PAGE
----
[dateline] Leyden 26th. Decr. 1780
I had the Honour of your favour of the 24th. instant1
The Master has been here twice this day and given for the first time Lessons in Greek and Latin to the Young Gentlemen. I am happy that they have begun. Their Instructor appears to be well acquainted with his Business, and to proceed with great Judgment. The Greek Grammar is one of his own Composition, and at present in Manu•
script. It appears an Analysis of the Principles of Grammar. Master John transcribes his Lessons from it, which will be useful to him; for he forms a Grammar as he advances, becomes acquainted by Consequence with its principles, and establishes them firmly in his Mind. One would think this foundation good and sure.
Master Charles transcribes his Lessons in Latin also. In this Language his Exercises are equally good with Master John's in Greek. He has the principles before him, and his Instructor to explain them. The Exercises in the Articles, Nouns, Verbs &c. in both Languages cannot fail to be beneficial. In my humble Opinion they are fundamentally right, and will go on in the Languages with great Satisfaction to You and themselves. They both desire their Duty to You, and desire me to acquaint You that their Instructor has prevented them from acknowledging the Receipt of their Papa's Letter.2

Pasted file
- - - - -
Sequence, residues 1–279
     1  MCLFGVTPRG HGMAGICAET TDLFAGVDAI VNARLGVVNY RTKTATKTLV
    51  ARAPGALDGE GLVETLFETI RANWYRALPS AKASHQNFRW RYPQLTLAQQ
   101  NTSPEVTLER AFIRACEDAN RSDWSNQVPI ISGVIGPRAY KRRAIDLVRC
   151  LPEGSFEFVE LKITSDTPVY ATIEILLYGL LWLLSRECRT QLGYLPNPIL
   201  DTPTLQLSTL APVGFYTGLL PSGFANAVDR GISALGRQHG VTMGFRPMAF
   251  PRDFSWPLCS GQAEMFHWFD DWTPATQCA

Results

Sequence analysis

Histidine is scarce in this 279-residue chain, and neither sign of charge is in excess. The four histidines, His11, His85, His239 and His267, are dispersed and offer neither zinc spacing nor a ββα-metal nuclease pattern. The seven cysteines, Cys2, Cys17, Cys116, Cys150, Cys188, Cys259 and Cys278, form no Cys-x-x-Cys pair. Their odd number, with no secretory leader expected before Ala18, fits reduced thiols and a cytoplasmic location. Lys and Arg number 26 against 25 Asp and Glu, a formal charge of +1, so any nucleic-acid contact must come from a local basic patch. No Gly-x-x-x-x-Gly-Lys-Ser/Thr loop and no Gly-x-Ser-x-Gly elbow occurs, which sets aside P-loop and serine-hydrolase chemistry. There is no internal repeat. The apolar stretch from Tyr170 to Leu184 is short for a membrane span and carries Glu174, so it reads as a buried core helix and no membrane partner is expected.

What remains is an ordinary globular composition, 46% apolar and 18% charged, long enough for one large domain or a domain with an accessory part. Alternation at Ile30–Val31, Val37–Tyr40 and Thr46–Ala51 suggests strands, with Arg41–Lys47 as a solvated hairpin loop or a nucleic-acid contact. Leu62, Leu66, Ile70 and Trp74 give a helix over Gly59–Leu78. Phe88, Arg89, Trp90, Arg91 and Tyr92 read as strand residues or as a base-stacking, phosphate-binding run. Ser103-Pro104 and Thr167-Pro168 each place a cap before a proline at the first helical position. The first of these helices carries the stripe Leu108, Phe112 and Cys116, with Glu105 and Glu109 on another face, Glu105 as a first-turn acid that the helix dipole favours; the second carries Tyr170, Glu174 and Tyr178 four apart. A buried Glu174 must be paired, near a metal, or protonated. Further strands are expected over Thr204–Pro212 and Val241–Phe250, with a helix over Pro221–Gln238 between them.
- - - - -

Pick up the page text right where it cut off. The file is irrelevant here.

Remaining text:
They have been busy indeed.
As to News, Sir, was I mured in a Cloister I should not hear less. I hear no Politicks at all—every thing is Peace here.
Your Question I will answer in a few days. I hope to have some Conversation on that Subject with a Gentleman, who was about writing an Account of this University.
[salute] I have the Honor to be, Sir, your most obedient Servt.,
[signed] J. Thaxter